Almost through the first month of our new format for 2014! My fourth Thursday entry each month will focus on tradition and/or history somehow connected to Christmas. For January we’ll have a tradition steeped in history or is it a historic tradition? Hmm… Either way, I’m talking about the Macy’s Thanksgiving Day Parade. In my family it is most definitely a tradition. We have watched this parade together since my earliest memories, and definitely every year my sister has been alive. But the parade has a huge history having just held it’s 87th march.
Today the parade is a modern marvel full of dancers, bands, floats, singers, balloons, and technology everywhere. Over 3.5 million people watch it in person on the streets of Manhattan and 50 million more tune in to watch on TV. 10,000 volunteers and scores of city workers insure the success of the parade in our modern times but it didn’t start that way. Let’s talk history! The original Macy’s parade began in 1924. It is the second oldest Thanksgiving parade in the US. (the oldest is the Philadelphia Thanksgiving Day Parade- originally the Gimbel’s Parade. Yes, that Gimbel’s!)
The original Macy’s parade was based on and took over a parade from Newark, NJ where it operated as the Bamberger’s Parade. That first parade in ’24 was re-named the Macy’s Christmas Parade. It began in Harlem and moved through Manhattan to end in Herald Square in front of Macy’s Department Store. It included floats, bands, and animals from the zoo in Central Park. The parade ended with the arrival of Santa Claus who was crowned as “King of the Kiddies” in front of the store. Changes started right from the beginning and the parade had been modernized and improved continually for 90 years. The iconic image with the parade has to be those giant balloons!
Balloons were first added to the parade in 1927 with Felix the Cat. He was filled with just air and carried through the streets by volunteers. Helium was added to the balloons the next year (we can talk about some of the challenges of the helium balloons another time). Also in 1928 began the release of the balloons. They were let go at the end of the parade and each had a label. If you found the balloon you could return it to Macy’s for a $100 prize! That practice would end when the competition to “find” the balloons became too dangerous. But the balloons are still one of the most popular parts of the parade. Lots of different balloons have been part of the parade over time. Some of the additions include Mickey Mouse in ’34, Donald Duck in ’35, Bullwinkle in ’61, Underdog in ’65, Cat in the Hat in ’94, and Buzz Lightyear in ’08. Some balloons have made many different appearances in the parade. “Harold” is a character who was in 4 different parades (1945-1948) as 4 different characters: a clown, a baseball player, a policeman, and a fireman. Mickey Mouse, Spiderman, and Hello Kitty are some of the balloons appearing in different versions. The winner is Snoopy. Charlie Brown’s pet beagle has had seven different balloons in the parade- a record set in 2013. A few interesting facts related to these balloons. During World War II the balloons were given to the military to use- over 650 lbs of rubber! Macy’s is the largest helium consumer after the US Government. When a shortage occurred in 1958 the balloons were filled with air and moved through the streets on cranes.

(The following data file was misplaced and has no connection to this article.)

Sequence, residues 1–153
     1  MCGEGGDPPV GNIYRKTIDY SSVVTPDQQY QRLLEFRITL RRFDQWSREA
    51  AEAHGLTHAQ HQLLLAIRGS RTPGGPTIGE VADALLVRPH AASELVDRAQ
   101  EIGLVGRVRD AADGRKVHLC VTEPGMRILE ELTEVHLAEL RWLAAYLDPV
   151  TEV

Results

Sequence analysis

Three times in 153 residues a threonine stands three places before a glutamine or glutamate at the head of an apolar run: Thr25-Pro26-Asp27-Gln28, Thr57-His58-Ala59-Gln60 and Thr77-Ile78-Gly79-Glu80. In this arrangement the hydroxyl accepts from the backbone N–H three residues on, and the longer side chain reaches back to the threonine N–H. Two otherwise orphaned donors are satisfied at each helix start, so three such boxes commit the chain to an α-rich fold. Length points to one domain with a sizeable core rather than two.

Aside from those incredible balloons, how did the parade grow into the global event it is today? The parades of the 20s were watched by hundreds of thousands of people on the streets of New York. It has been held every year since 1924 with the only break from 1942-1944 for World War II due to restrictions on fuel, rubber, and helium. The awareness of the parade grew first from the radio broadcasts of the action. Yes. Radio! The parade was broadcast live on radio from 1932-1951. The first television broadcast of the parade was an experiment in 1939. Local tv broadcasts started in 1946 and national broadcasts followed in 1947. That year was the same year the parade got lots of attention from the movie Miracle on 34th Street. The film used filmed scenes from the actual parade the year before. NBC became the exclusive television broadcaster of the parade in 1952 with the name of Macy’s Thanksgiving Day Parade. Color broadcasts became the norm in 1960. NBC has been that exclusive broadcaster for the last 62 years, winning 12 Emmy awards since 1979. Since the parade is in public other broadcasters can set-up shop and show the parade too. CBS shows the parade too with the name The Thanksgiving Day Parade on CBS. You can also catch it on local channels in the New York area and even streaming online. The three-hour spectacle has become a focal point to officially begin the holiday season. As we say in my family- “we can’t start our Christmas until Santa gets here”.
So make your plans now to include the parade as part of your holiday plans in 2014. Tune in 9:00 AM, Thursday, November 27, 2014 on NBC. Book a hotel and go in person maybe. Until then find out more about the parade, play games, and shop at the Macy’s Thanksgiving Day Parade official website. You have 308 days to wait for THE kick-off to the holiday season!